Go back

Famed playwright with APSU ties dies

Word has reached Austin Peay State University that New York City playwright, director and educator, Glyn William OMalley, 55, died unexpectedly Nov. 14, 2006, after suffering a heart attack.

OMalley, who wrote and directed the play, A Heartbeat to Baghdad, is survived by his mother, Meredith, his sister, Gail, and three brothers, Dennis, David and Thomas.

At the time of his death, OMalley was director of education at the Cherry Lane Theatre Institute, NYC, and professor at Lehman College-CUNY (City University of New York) and Fordham University.
Word has reached Austin Peay State University that New York City playwright, director and educator, Glyn William O'Malley, 55, died unexpectedly Nov. 14, 2006, after suffering a heart attack.

O'Malley, who wrote and directed the play, “A Heartbeat to Baghdad,” is survived by his mother, Meredith, his sister, Gail, and three brothers, Dennis, David and Thomas.

At the time of his death, O'Malley was director of education at the Cherry Lane Theatre Institute, NYC, and professor at Lehman College-CUNY (City University of New York) and Fordham University.

The author of 19 plays, O'Malley also directed more than 50 productions in major theatres around the U.S. and Europe, including the world premiere of “Albee's Men” and “Albee's Women.”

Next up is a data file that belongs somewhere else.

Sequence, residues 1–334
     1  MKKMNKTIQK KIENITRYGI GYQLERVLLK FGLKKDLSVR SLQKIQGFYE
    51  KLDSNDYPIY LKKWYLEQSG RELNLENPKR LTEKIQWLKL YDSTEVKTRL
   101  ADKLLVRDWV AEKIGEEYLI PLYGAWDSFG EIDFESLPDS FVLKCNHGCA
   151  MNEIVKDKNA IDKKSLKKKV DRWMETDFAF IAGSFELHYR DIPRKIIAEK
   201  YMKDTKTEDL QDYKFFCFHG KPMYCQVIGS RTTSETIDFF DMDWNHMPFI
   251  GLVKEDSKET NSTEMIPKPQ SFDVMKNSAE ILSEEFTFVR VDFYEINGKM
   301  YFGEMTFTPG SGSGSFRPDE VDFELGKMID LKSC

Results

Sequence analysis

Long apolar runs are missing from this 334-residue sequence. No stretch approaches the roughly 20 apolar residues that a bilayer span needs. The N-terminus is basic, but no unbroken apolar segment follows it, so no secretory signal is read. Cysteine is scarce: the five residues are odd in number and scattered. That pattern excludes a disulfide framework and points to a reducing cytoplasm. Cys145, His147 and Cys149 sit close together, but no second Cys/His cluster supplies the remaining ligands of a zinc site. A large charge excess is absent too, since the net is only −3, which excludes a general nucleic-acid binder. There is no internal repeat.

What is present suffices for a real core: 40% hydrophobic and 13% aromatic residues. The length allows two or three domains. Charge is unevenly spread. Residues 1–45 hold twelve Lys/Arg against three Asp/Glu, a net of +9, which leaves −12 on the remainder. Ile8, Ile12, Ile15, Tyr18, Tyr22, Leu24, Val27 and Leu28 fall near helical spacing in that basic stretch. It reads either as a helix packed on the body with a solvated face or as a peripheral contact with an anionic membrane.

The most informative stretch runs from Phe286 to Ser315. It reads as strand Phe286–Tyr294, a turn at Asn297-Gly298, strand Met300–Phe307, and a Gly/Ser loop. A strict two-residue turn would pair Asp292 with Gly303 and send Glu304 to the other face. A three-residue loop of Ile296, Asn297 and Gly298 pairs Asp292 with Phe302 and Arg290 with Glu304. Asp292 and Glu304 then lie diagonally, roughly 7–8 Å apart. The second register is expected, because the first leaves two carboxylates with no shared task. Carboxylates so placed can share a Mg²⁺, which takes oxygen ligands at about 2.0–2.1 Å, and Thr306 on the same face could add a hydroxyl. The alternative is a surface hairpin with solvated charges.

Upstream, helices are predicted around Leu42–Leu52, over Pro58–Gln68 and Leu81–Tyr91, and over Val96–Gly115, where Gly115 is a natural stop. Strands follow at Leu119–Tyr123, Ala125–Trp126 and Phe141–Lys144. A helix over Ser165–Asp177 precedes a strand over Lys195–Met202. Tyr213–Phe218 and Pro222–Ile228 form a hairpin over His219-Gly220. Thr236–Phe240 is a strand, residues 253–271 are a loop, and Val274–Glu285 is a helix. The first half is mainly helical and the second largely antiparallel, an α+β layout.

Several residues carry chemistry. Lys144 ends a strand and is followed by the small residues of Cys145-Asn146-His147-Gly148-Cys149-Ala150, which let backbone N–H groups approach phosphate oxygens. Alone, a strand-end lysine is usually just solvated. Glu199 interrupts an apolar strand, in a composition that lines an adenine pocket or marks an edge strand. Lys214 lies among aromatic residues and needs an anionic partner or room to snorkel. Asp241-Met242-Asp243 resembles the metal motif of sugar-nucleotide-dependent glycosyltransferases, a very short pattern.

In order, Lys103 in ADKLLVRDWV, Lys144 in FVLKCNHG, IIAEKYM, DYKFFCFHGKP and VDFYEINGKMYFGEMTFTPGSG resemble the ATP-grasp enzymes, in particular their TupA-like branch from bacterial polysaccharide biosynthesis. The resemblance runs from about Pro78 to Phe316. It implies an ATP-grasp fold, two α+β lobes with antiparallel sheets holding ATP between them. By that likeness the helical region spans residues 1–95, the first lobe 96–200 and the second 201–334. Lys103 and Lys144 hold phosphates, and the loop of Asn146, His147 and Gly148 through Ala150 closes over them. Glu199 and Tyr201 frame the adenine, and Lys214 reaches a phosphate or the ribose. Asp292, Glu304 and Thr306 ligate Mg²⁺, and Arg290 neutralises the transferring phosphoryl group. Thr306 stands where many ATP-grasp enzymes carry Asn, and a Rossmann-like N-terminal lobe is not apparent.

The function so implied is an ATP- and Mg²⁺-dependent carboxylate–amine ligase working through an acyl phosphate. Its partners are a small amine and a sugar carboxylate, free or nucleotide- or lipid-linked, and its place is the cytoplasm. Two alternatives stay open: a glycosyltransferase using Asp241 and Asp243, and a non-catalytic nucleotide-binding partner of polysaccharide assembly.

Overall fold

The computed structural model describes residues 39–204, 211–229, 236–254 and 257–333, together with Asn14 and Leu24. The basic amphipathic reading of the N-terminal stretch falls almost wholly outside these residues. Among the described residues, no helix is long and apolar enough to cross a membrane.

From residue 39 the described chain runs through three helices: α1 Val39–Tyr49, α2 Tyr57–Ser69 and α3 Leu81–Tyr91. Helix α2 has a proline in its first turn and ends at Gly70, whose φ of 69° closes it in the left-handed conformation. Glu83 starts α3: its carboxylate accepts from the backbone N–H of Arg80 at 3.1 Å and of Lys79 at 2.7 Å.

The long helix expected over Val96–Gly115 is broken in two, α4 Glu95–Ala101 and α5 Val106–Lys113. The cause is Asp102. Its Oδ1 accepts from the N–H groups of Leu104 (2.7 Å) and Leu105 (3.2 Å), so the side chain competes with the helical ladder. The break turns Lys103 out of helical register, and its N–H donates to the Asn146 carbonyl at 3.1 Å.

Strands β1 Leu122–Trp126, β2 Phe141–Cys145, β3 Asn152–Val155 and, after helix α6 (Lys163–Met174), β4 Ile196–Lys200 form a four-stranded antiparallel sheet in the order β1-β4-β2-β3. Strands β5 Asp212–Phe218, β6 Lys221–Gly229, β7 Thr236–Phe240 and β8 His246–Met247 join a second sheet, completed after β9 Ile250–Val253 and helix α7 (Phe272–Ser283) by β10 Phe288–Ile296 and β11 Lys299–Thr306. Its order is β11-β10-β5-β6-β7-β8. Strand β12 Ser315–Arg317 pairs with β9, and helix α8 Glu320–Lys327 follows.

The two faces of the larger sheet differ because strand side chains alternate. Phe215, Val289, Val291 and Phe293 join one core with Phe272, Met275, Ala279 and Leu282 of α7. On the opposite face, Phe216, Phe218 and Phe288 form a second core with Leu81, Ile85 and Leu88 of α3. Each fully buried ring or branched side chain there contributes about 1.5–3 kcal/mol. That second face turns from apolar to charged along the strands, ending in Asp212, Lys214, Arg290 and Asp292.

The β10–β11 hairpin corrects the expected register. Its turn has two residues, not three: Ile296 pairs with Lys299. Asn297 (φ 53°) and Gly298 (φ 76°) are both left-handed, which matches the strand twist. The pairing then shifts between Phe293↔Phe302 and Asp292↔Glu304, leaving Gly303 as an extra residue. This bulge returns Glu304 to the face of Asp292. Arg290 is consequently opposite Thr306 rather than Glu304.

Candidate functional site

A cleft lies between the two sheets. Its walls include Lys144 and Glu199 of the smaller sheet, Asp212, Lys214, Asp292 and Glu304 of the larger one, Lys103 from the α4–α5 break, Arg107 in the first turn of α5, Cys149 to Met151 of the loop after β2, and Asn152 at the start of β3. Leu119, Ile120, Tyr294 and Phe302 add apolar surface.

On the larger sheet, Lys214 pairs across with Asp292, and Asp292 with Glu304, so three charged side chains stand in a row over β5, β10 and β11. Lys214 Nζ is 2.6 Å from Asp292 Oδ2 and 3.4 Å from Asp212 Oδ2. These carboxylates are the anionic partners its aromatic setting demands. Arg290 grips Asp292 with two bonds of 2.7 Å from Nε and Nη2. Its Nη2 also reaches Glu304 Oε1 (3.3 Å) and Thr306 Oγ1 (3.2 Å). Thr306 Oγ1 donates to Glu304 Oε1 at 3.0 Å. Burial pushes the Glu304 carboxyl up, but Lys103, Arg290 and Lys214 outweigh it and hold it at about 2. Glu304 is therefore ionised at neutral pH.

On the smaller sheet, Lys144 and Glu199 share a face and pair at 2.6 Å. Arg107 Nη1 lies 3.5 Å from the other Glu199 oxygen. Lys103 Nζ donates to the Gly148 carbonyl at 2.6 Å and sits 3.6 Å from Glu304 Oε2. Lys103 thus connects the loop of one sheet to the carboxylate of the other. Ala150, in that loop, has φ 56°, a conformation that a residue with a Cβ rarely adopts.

His most recent New York City premieres were his war trilogy: “Paradise” (Kirk Theatre, 2005), “A Heartbeat to Baghdad (The Flea, 2004) and “Concertina's Rainbow (Cherry Lane Theatre, 2001).

O-Malley gave birth to “A Heartbeat to Baghdad” in 2004 while he was playwright-in-residence at APSU. In the early months of his residency, O'Malley interviewed scores of soldiers of the 101st Airborne Division (Air Assault) and their loved ones. Based on those interviews, O'Malley wrote “A Heartbeat to Baghdad,” which had its world premiere at APSU before debuting in New York City at The Flea.

One of his first interviews at APSU was with the widow of Sgt. Ariel Rico, a member of the 101st Airborne Division (Air Assault), who had been killed while serving in Iraq. In 2004 at APSU, O'Malley established the Sgt. Ariel Rico Memorial Scholarship and designated that it was to go to the child of any U.S. soldier who had been killed or handicapped in the line of duty.

O'Malley's family requested that memorial gifts be made to the Sgt. Ariel Rico Memorial Scholarship, APSU Box 4417, Clarksville, TN 37044.

For more information about the playwright, visit wikipedia and click on Glyn O'Malley or contact his brother, Dennis O'Malley, by e-mail at domainx@cox.net. For comprehensive information about O'Malley's theatrical works, visit the Web site of producer Gary Allen. -- Dennie B. Burke